Accomplishing his goal, Dominick is now giving the youth of South LA the same opportunity he was given as a young child.[The] Guardian Project is the thing that I needed as a kid. When Frank Scalercio made [martial arts] training available to me as [a] kid at my greatest time of need, it may have saved me from a lifetime of misery and bad habits. I am trying my best to be the thing I needed as a kid and give back the way Frank did for me. For my students I believe Guardian is a place where they can feel safe and where they have agency. The biggest lesson that may not be obvious to these kids at the time, is one of the most important, and that is the

concept of consent by way of the ‘TAP’. We have had kids come in here [who] were

afraid to use their voice and basically shut down in their bodies make complete 180

transformations. Guardian LA gives these kids a place where they are listened to and

they learn that from the start as we let them know that they are valued.”

Guardian LA’s Impact on the Southern LA (Dominick’s) community

The impact of Dominick’s Jiu Jitsu school goes further than “just” learning how to grapple on the mats. Guardian LA is more than just a gym for these youth, it’s a place where they can go and have fun, socialize, study quietly, clear their minds, eat something healthy (and/or take some home for later), and exercise/train. 

Guardian LA isn’t only impacting its students and their families, they’re setting a positive example for the Southern LA community to follow and expand upon. Dominick founded this Guardian Project in a location that has been historically impoverished for some time. Many businesses have been hesitant to invest and open in this area. Considered to be a hobby/sport for those who are seen as financially better off (due to costs of gym memberships, equipment/gear), gyms are commonly located in comparatively higher income areas. The Guardian Project defies these odds and proves that Jiu Jitsu is for EVERYONE, no matter where you come from or what you’ve been through.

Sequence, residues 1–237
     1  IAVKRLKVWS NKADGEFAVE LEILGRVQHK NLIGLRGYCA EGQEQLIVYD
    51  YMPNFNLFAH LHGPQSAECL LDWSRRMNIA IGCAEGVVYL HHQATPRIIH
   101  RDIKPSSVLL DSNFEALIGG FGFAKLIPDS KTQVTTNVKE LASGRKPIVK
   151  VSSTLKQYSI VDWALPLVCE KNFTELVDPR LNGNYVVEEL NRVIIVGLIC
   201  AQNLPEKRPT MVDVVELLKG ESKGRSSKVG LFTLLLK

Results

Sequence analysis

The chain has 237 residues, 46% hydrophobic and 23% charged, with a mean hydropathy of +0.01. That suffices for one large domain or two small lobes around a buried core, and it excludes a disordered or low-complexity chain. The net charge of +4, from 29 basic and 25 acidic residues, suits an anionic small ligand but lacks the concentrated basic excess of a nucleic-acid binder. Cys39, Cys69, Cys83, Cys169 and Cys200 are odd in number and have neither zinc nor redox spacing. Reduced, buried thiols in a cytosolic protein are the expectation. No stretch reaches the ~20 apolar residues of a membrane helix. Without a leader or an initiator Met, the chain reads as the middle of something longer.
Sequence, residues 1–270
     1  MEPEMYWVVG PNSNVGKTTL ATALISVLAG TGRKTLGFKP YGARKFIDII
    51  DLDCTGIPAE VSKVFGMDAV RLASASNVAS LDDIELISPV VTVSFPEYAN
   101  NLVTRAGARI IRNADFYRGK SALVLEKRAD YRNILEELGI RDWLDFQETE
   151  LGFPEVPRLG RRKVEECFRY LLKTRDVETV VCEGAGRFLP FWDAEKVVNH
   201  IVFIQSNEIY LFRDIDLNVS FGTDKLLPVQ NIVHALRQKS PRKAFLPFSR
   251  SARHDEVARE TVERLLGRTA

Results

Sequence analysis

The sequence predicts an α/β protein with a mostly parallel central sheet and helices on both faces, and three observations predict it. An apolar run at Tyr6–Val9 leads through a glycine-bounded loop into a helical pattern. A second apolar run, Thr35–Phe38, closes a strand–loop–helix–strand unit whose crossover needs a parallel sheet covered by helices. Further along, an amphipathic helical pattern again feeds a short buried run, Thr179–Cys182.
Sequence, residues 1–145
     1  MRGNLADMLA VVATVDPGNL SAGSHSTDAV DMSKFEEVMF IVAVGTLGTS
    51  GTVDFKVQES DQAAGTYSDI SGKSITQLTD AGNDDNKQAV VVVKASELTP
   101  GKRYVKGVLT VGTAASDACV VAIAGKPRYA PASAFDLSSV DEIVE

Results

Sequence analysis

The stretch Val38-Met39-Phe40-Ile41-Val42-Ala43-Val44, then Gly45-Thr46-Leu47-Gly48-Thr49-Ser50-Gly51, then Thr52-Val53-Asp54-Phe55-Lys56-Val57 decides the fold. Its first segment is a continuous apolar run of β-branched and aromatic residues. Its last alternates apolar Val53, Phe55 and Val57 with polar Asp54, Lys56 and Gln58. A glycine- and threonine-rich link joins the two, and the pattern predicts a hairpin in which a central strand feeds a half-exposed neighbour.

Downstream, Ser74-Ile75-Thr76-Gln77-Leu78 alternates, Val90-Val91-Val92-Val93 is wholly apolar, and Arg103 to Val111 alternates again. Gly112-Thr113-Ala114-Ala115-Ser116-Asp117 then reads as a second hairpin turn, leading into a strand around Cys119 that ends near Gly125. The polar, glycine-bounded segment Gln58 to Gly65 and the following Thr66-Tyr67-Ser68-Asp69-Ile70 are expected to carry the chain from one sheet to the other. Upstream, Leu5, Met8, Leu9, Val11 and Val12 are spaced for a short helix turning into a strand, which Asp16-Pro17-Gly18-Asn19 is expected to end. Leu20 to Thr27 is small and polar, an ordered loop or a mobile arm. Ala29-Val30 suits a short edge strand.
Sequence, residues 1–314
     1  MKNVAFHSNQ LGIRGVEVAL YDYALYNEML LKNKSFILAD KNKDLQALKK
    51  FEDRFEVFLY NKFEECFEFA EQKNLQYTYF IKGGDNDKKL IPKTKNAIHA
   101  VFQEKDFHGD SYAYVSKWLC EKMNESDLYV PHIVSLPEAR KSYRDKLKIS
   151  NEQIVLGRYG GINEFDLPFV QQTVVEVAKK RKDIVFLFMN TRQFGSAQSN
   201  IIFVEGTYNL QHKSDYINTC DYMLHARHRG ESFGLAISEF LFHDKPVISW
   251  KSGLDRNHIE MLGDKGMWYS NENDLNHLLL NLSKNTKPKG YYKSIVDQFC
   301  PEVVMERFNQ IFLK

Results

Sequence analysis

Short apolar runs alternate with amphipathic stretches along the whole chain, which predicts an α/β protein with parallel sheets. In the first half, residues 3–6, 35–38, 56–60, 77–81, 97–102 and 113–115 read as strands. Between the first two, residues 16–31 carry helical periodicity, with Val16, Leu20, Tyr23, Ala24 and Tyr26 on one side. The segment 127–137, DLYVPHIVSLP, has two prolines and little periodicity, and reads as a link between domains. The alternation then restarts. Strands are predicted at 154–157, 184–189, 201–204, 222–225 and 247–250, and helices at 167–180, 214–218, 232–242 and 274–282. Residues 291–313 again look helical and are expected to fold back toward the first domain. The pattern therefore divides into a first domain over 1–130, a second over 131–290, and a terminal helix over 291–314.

Having great success, students from all over LA train with Dominick at his Omni Jiu Jitsu / Guardian LA gym: “Many of those students would not have any particular reason to come here otherwise, but because of Jiu Jitsu, incredible relationships have been forged here amongst people that might not have ever met.”

The Worldwide Impact of the Guardian Project

Founded by Ben Kovacs and Joel Lunenfeld in 2015, Guardian started as one academy in Oakland California. Supporting more than 1,000 youths across the Bay Area with mentorship, free training, and a welcoming community, Guardian Gym was more than just a gym or a physical place – it was also a vision embodied through Jiu Jitsu.

“Jiu Jitsu, to me, is a vehicle to help these kids find a healthy community when oftentimes their communities are lacking or failing them. Our program is structured so that these kids are provided with valuable mentorship as well as opportunities to learn how to mentor others. As